Monday, May 16, 2016

7 Lively Virtues of Middle-earth

In an attempt to get this all in one post, I will be only choosing only one example of the virtues shown in Middle-earth.  There are certainly more than one example for each, so let me know any you think of in the comments.  Each virtue corresponds and is the opposite of the deadly sins: pride/humility, envy/admiration, wrath/forgiveness, sloth/zeal, greed/charity, gluttony/temperance, lust/chastity.

The antidote to the deadliest of the deadly sins, pride, is humility.  I briefly commented on Samwise's famous humility (and his literal humus) in this post.
"[Sam] did not think of himself as heroic or even brave, or in any way admirable – except in his service and loyalty to his master." (Letters of J.R.R. Tolkien, 239)
It is clear that Sam was one of--if not the--hero(es) of the story, but he did not regard himself as better than others or above anyone else.
In opposition to the next sin, namely envy, is admiration.  Theoden and Aragorn are both powerful royalty, however Theoden has a kingdom and Aragorn has not taken his throne yet.  While the following is true of the book, I think it is demonstrated exceptionally in the movies so I will be using evidence from them.  Theoden starts off feeling threatened by Aragorn, and perhaps even envious of him.
"Last I checked, Theoden--not Aragorn--was king of Rohan." -The Return of the King (film 2003)
Is it just me, or does Theoden sound a bit defensive?  Aragorn was just trying to give advice.  But throughout the course of the film, Theoden gains more respect for Aragorn and eventually becomes a great admirer of his:
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Wrath is counteracted by forgiveness.  Feanor shows completely disordered wrath when he threatens his own brother by sword point.  Fingolfin however, forgives him:
“For Fingolfin held forth his hand, saying: ‘As I promised, I do now. I release thee, and remember no grievance.’ Then Feanor took his hand in silence; but Fingolfin said: 'Half- brother in blood, full brother in heart will I be. Thou shalt lead and I will follow. May no new grief divide as.’ 'I hear thee,’ said Feanor. (Silmarillion 73)
 The opposite of sloth is zeal.  I discussed this a bit when explaining how Denethor was slothful in my last post.  While Denethor refuses to help in the battle and stays inside, Theoden rides out with his host and gives them hope.  He energizes them and shows a zeal for righteous battle and doing what needs to be done.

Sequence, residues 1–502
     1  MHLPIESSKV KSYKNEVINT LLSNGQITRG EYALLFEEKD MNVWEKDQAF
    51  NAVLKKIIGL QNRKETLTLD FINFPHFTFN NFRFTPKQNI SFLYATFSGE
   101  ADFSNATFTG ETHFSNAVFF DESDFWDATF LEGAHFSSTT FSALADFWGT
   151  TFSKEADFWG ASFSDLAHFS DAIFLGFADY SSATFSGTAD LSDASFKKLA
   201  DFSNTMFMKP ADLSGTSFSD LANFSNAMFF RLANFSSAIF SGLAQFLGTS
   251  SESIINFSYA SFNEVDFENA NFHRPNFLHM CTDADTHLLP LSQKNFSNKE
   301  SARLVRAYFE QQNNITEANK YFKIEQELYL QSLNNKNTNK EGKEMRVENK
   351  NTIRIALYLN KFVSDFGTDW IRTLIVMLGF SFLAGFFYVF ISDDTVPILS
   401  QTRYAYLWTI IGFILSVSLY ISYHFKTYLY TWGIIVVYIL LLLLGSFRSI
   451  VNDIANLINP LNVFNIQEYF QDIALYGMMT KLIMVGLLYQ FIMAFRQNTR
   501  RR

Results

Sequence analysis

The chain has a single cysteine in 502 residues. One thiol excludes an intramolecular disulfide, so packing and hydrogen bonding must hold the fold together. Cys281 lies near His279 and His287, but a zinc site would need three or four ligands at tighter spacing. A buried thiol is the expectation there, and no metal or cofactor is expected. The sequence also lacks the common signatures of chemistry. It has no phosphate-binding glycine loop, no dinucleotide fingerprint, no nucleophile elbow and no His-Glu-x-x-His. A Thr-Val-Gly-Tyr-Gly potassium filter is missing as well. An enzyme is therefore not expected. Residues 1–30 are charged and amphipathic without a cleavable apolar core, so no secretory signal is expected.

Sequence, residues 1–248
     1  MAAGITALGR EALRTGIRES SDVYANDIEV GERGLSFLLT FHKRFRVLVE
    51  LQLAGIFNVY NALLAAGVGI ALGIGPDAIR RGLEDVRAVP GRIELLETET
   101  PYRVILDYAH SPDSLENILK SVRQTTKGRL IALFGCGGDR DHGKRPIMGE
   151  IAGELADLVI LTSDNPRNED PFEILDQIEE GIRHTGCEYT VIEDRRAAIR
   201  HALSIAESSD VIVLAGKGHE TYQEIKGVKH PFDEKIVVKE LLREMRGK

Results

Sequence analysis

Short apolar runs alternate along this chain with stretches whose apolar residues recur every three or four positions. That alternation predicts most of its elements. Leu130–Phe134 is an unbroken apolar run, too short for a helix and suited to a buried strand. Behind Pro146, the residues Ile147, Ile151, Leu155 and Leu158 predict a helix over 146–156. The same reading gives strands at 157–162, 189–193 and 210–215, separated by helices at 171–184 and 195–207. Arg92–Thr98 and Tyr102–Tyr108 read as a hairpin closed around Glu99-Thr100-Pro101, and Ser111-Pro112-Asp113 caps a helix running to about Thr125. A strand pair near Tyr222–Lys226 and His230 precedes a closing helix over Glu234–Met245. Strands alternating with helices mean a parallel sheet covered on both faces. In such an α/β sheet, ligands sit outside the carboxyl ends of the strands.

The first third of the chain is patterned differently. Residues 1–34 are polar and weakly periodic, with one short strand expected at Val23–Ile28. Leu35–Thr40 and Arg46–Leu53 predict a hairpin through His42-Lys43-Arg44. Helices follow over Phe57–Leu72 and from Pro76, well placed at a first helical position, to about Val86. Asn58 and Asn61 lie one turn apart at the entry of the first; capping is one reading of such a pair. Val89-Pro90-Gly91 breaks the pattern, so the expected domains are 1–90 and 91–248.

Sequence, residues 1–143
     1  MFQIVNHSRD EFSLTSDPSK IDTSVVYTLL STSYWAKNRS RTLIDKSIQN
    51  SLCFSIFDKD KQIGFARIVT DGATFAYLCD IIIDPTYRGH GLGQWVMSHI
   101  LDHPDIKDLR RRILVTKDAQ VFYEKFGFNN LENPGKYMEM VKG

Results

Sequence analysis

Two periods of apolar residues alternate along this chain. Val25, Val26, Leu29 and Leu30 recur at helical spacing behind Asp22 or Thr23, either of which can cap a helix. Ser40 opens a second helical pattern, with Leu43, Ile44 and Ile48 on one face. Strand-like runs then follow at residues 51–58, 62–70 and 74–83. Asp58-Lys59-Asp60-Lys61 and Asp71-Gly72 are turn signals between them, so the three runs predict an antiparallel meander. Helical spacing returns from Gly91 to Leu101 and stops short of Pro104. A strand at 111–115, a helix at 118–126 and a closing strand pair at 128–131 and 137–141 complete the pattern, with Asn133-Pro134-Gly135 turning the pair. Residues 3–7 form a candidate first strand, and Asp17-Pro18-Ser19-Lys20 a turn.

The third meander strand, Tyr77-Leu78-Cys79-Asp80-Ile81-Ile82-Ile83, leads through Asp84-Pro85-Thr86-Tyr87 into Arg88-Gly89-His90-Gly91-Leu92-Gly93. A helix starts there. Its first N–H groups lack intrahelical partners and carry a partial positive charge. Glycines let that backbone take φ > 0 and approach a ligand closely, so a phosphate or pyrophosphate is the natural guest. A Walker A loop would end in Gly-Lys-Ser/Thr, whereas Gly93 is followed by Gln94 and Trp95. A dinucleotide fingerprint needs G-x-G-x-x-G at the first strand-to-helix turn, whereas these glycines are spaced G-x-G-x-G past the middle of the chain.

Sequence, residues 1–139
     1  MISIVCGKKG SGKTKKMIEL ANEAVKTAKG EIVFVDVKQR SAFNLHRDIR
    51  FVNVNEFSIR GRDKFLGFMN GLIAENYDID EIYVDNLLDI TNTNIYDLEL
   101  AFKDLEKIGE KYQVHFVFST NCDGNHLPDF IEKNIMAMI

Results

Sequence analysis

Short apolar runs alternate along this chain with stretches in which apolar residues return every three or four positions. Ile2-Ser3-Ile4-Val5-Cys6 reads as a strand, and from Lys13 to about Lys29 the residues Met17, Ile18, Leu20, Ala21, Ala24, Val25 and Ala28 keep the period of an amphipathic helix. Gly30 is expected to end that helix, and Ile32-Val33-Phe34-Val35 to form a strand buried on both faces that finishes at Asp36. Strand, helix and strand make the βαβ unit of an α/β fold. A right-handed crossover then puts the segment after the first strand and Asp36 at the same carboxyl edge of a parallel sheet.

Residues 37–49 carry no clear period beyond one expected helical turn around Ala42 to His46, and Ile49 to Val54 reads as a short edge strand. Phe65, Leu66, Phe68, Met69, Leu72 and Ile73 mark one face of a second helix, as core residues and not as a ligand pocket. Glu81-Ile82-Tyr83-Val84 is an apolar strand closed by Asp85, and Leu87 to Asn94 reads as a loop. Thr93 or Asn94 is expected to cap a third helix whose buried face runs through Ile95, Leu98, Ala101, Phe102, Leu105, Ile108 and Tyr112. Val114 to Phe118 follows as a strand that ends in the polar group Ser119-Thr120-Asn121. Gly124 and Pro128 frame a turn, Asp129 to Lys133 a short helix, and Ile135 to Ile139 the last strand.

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In contrast to greed is charity.  Lobelia Sackville-Baggins shows immense greed to the point where she would rather have Bilbo dead so she can take his home.  Bilbo, however, counteracts this by giving away gifts (albeit pointed gifts) just before he leaves the Shire.
"For LOBELIA SACKVILLE-BAGGINS, as a PRESENT; on a case of silver spoons. Bilbo believed that she had acquired a good many of his spoons, while he was away on his former journey. Lobelia knew that quite well. When she arrived later in the day, she took the point at once, but she also took the spoons."  (The Fellowship of the Ring 22)
 The opposite of gluttony is temperance.  While the orcs gluttonously use up the trees and other naturally resources, Elves are the poster-children for using things in moderation and respecting nature.  Instead of cutting down trees to build their homes, the Elves of Lothlorien build around the trees and the spectacle is not only good for nature but one of the most beautiful places in Middle-earth.
“The others cast themselves down upon the fragrant grass, but Frodo stood awhile still lost in wonder. It seemed to him that he had stepped through a high window that looked on a vanished world. A light was upon it for which his language had no name. All that he saw was shapely, but the shapes seemed at once clear cut, as if they had been first conceived and drawn at the uncovering of his eyes, and ancient as if they had endured for ever. He saw no colour but those he knew, gold and white and blue and green, but they were fresh and poignant, as if he had at that moment first perceived them and made for them names new and wonderful. In winter here no heart could mourn for summer or for spring. No blemish or sickness or deformity could be seen in anything that grew upon the earth. On the land of L√≥rien, there was no stain.”  (The Fellowship of the Ring 351)
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Finally, in contrast to lust is chastity.  Aragorn shows immense chastity and faithfulness by tactfully avoiding Eowyn's (well-meaning) advances.  He does not do this in a rude or condescending manner, but sincerely wants the best for her and knows that means not being with him.  Eventually, Eowyn realizes just how much his refusal of her has helped her.  After Eowyn announces her engagement to Faramir, she says to Aragorn, "Wish me joy, my liege-lord and healer!" Aragorn replies perfectly, saying, "I have wished thee joy ever since first I saw thee.  It heals my heart to see thee now in bliss."  (The Return of the King 279)

There are sins and virtues to be found in Middle-earth just as there are in any good story, including real life.  It reminds me of Boromir's saying:

"Yes, there is weakness; there is frailty.  But there is courage, also, and honor to be found in Men." 

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